Tablet tested and designed for ‘Super Seniors’ made from act of love

The grandPad keeps your digital memories safe as well as ensuring contact with loved ones.


Scott Lien, 52, CEO of grandPad Inc., was inspired by technology since the fourth grade when he scraped and saved to buy his first computer, a TRS-80.

Lien, who has held leadership positions with companies such as Bank of America, Best Buy and Target, has launched an innovative tablet that was designed from scratch specifically for seniors 75 and older.

Lien explained that by the age of 75 most seniors begin to have physical limitation problems, such as hearing, and being able to touch and grasp because of arthritis. The possible beginning of dementia can increase the inability to understand complex concepts such as hooking up a computer. The grandPad addresses age-related user issues.

The devotion to his family, fifth generation Norwegian dairy farmers with deep roots in Decorah, Iowa, is reflected in Lien’s attitude toward business. He fondly calls the age group that helped him test the product, from 75 to the oldest tester at age 114, Super Seniors.

The germination for the product was inspired by an act of love from his son, Isaac Lien, 22, who took after his dad, pursuing an interest in technology. Isaac Lien wanted to solve the difficulties his grandmother was having with her computer.

Father and son worked on the grandPad product concept together at the son’s college, Chapman University in Orange, Calif., knowing they wanted to make staying in touch with family easier for the elderly.

What was birthed from that inception was a working pad, a computer device, to “bridge the digital chasm that exists between senior citizens and their families,” helping seniors get video calls, emails and photos from family members.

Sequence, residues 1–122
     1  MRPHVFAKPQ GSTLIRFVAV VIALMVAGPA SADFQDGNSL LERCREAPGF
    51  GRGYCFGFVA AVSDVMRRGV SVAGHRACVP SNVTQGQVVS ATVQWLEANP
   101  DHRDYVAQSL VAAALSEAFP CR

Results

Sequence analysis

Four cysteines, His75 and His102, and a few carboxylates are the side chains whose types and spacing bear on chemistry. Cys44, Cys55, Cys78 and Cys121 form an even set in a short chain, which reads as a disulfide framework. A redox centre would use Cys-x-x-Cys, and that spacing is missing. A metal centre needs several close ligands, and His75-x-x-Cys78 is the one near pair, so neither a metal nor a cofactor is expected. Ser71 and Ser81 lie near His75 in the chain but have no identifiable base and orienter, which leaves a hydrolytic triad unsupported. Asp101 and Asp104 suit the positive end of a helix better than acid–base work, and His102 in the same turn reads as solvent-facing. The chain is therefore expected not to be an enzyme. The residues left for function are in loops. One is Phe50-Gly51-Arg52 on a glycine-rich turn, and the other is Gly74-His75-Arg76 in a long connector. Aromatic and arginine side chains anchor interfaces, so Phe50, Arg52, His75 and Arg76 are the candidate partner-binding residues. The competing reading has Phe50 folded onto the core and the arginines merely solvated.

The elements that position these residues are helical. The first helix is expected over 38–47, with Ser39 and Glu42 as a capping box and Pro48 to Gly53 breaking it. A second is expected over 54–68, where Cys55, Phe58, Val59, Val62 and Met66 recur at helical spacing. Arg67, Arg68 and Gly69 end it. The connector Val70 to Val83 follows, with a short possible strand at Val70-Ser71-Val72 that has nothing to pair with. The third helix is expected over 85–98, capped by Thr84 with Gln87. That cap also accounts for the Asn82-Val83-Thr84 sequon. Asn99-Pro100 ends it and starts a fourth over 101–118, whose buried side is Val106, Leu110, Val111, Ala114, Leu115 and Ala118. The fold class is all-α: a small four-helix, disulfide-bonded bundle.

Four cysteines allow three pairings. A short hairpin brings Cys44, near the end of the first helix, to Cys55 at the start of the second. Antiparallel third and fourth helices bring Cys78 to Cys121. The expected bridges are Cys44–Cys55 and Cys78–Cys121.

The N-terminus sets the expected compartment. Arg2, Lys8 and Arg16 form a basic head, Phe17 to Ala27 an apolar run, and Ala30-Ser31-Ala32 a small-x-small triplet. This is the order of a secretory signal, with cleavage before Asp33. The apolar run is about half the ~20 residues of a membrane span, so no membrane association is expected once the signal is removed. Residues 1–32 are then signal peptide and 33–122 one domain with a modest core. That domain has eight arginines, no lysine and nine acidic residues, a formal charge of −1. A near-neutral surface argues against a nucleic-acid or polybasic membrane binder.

The pad supports other features such as playing the favorite music of the user, pre-selected by the user’s caregiver if necessary. Lien told the story of one adult daughter putting 10 of her mother’s favorite spiritual hymns on a repeat loop.

Every detail is well thought out — like packaging for the pad that a 90-year-old could physically unpack on his own. The user can then comprehend and make the grandPad operational without the additional steps it currently takes to make an iPad, the competition, operational from unpacking to use.

The user can send voice email and video chat, enjoy family photos and videos, music and games, and check the weather on the tablet.A gift of love for your mother or grandmother, grandPad connects families as easy as the touch of a button. <i>  | Photo by SENIOR LIFE <i/>

How did Lien get Acer, a successful Taiwanese hardware firm, involved?

“It was very serendipitous,” he said, “divine providence.”

Before the product could be birthed, Lien went to Taipei, Taiwan to get the hardware, the physical body for their concept started and developed.

Lien, who had pursued Acer heavily, was willing to fly halfway around the world for what he thought would a be 10-minute opportunity to talk with a couple of employees. Before the meeting, he drank several cups of coffee and prepped himself. He walked into the boardroom to find the whole board and CEO willing to give him two to three hours of their time.

Ultimately, Acer invested in grandPad, and created the hardware, as well, which now can be purchased through the grandPad website at

The grandPad is only available from the website:

The grandPad is both a product — the actual pad — and a service.

It has a touch screen and large icons and is easy to hold and use.

It comes pre-loaded. Everything is pre-configured for seniors’ use, which includes room for their photos, music and contacts.

It has no micro USB cable to plug in. The grandPad is charged in its dock.

According to Acer, most seniors have no access to internet in their homes.


The grandPad supports Wi-Fi connectivity. If the user does not have WiFi in their home, grandPad offers cellular internet connectivity (4G LTE connectivity) as part of its $65.50 a month package. A pad comes as part of the service, but is not owned by the user. If the pad breaks or has any problems, a new one is sent as part of the service. The user has around-the-clock access to customer service with a button on the grandPad to connect them, They may ask any question at any time if they get flustered.